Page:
World Series Champions. Day five.

I still don’t sleep. Don’t eat much, either.

But I’m always thinking. Thinking of how the Red Sox, formerly a mere obsession, have become a veritable part of my family.

I spend actual moments wondering about how the guys are doing. I review tapes of the ALCS with a fondness usually reserved for home movies. I’ve got a three-foot stack of newspapers and magazines in the corner of my office, presumably for a time capsule [and let me heartily recommend SI’s Special Red Sox Commemorative Issue that just hit newsstands. Verrrrry nice.]

Here’s a story that illustrates how much the Sox are ruling our world these days. On Friday, I’m in a bar on the South Shore, having an after work brewski or two with Matthew, a regular poster on our comments section, who had flown up from Miami for the Sox victory parade. We sat drinking and jawing as the Friday night crowd started filtering in. Suddenly, the entire place goes quiet, and all eyes are on the two massive plasmas at either end of the bar.

On the screen, an image that has us all spellbound: Pedro and Ortiz, with Mickey Mouse ears firmly in place, being interviewed from Disney World on SportsCenter.

Not a single glass tinked, not a single fork clanked. All were silent as the two World Series heroes mugged for the camera, full of the goofiness and bliss that defined this year’s team.

And when it was over, we all smiled. A few people clapped. It was as if suddenly someone reminded us just how awesome our world has become over the last week. And we heartily agreed.

And, come on…those hats?!? I want a half hour show. Every damn week. Those guys in those hats.

Every. Damn. Week.

Those hats.

So, long story short, today’s post is little more than a collection of the things I’ve learned from the 2004 Red Sox. In no particular order.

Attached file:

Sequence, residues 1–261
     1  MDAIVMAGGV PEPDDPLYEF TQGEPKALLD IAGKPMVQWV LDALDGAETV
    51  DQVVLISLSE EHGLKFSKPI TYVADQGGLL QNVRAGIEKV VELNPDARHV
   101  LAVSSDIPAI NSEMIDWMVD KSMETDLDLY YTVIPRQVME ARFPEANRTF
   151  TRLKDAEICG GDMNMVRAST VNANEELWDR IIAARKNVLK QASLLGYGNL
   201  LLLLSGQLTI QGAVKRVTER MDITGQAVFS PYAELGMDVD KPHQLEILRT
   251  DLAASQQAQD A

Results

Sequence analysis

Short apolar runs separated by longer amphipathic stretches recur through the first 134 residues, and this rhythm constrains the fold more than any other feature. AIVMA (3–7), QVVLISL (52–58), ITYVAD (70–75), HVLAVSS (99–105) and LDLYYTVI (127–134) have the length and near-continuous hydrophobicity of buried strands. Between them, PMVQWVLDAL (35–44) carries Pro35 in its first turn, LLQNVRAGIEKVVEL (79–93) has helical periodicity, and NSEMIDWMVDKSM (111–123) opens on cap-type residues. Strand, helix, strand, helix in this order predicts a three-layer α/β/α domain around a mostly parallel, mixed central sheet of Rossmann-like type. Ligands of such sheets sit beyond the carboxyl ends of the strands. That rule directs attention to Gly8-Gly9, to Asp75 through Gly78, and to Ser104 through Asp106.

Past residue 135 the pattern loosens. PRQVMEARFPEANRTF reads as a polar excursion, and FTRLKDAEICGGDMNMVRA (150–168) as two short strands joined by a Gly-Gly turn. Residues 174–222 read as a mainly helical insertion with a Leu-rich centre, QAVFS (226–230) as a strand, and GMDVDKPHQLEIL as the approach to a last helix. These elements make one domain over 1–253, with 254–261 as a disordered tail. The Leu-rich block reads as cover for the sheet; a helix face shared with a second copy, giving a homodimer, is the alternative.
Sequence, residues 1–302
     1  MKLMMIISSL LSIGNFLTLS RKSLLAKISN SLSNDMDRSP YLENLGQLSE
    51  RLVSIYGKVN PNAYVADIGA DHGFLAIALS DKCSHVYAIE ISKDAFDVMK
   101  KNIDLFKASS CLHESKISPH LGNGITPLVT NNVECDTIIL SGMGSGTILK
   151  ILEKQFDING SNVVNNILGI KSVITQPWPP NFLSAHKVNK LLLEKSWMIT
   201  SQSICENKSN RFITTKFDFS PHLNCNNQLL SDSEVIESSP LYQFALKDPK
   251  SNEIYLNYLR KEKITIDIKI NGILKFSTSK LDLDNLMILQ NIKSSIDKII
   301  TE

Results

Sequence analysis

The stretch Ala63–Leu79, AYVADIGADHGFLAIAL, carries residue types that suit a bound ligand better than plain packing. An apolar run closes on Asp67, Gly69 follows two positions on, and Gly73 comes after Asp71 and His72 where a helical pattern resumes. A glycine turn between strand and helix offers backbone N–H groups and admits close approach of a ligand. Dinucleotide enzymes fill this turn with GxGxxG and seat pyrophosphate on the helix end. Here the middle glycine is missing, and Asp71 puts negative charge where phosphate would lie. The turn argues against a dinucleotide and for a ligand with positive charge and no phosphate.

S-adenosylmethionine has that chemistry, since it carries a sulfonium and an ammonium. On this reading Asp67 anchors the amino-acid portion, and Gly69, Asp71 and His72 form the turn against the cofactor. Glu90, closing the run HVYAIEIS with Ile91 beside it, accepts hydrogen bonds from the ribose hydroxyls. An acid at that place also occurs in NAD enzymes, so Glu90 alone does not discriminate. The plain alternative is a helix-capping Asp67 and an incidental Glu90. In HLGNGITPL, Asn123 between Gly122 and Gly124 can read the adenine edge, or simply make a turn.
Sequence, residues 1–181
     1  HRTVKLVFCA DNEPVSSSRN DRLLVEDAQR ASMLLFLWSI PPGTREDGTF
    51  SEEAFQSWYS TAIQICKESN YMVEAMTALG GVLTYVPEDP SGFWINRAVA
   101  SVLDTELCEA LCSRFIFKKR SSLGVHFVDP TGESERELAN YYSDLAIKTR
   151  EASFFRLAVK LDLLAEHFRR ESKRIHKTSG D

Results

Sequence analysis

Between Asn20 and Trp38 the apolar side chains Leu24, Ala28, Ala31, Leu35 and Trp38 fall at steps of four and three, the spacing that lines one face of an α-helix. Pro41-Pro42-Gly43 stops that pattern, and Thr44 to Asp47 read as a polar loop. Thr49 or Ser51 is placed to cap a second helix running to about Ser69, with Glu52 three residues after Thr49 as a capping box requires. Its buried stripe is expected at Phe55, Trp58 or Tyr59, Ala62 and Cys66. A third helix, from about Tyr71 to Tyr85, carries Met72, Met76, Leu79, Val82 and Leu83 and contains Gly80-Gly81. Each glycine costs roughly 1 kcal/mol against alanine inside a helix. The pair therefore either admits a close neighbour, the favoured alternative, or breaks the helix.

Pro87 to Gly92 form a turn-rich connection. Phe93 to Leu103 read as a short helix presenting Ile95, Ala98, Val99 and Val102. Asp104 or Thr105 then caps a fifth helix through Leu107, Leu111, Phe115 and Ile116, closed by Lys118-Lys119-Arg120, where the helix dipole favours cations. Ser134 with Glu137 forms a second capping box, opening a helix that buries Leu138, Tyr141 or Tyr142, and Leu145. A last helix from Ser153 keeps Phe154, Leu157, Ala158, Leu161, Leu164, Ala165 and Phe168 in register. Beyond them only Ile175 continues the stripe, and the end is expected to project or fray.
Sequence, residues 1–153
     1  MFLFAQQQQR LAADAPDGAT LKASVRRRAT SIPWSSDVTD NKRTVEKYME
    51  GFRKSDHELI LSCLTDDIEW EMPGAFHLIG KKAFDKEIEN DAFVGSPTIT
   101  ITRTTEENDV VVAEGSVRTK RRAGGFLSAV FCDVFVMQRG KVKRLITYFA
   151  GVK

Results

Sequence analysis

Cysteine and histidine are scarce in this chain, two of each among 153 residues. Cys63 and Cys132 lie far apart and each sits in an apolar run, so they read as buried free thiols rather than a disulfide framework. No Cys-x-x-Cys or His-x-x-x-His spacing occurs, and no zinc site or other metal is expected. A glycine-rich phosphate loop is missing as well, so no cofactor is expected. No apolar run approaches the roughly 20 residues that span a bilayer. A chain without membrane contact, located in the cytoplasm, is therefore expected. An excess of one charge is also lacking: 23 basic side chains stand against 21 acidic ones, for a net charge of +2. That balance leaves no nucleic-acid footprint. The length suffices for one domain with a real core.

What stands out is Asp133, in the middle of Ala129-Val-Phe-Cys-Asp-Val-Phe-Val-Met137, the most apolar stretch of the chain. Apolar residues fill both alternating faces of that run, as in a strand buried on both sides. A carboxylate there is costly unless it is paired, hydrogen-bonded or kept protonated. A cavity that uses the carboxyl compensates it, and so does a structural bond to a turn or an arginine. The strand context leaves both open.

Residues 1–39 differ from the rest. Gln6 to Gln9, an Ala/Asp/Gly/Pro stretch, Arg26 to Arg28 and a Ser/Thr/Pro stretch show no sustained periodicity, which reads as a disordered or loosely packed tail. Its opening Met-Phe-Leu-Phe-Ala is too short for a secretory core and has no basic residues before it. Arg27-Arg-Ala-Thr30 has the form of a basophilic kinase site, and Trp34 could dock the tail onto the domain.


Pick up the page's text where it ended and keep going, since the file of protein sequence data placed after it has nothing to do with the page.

* * * * * * * * * * *

Don’t cut your hair, man. Just don’t.

If you can’t play the game because you’ve hurt your leg, arm or sack-bag, don’t sit on the bench and sulk or lounge in the clubhouse watching your She’s the Sheriff DVDs. Wave a towel, make some noise and cheer your motherfriggin’ boys on, Clementine. Because that’s what being a team is all about. For more info, see: Youkilis, Kevin; Gutierrez, Ricky; and Burks, Ellis.

Take no one for granted. Back in Spring Training, Mark Bellhorn was just a guy we brought on board to back-up Pokey at second base. Today, dude’s a cult hero and a Sports Illustrated cover boy.

Living well is the best revenge. When Gary Sheffield let loose a steroid-fueled tirade against our lads, the Sox never snarked back, preferring to tuck it into their caps and make their statement on the field. I’m guessing Sheff heard it.

I used to think Tim McCarver was the single most powerful irritant television has ever produced. Then I saw the ads with this guy:

Speed is king. The single most important play of the post-season was Dave Roberts’ steal of second base in Game 4 of the ALCS. You could almost feel the momentum shift as he slid his righteously expeditious ass across home plate.

Ellis Burks is the avatar of cool.

The Red Sox are the ultimate social lubricant, the one subject everyone in this town can discuss ’til the wheels fall off. The one thing that binds us all, no matter where we come from.

Live the joy now, but tuck some away for another day. Like, say, Opening Day 2005, when we’ll raise the World Champions flag at Fenway. And our opponents will be the Yankees. With Nomar at second, Beltran in center and Pedro in the pen.

The Red Sox are second only to Eliza Dushku in ability to make grown men swoon. I’ve watched the clip of that final out one hundred and seventy-eight times. And every time Mientkiewicz raises his hands in jubilation, my heart does the flippy-flop.

Sometimes the good guys really do win. Thanks, dudes.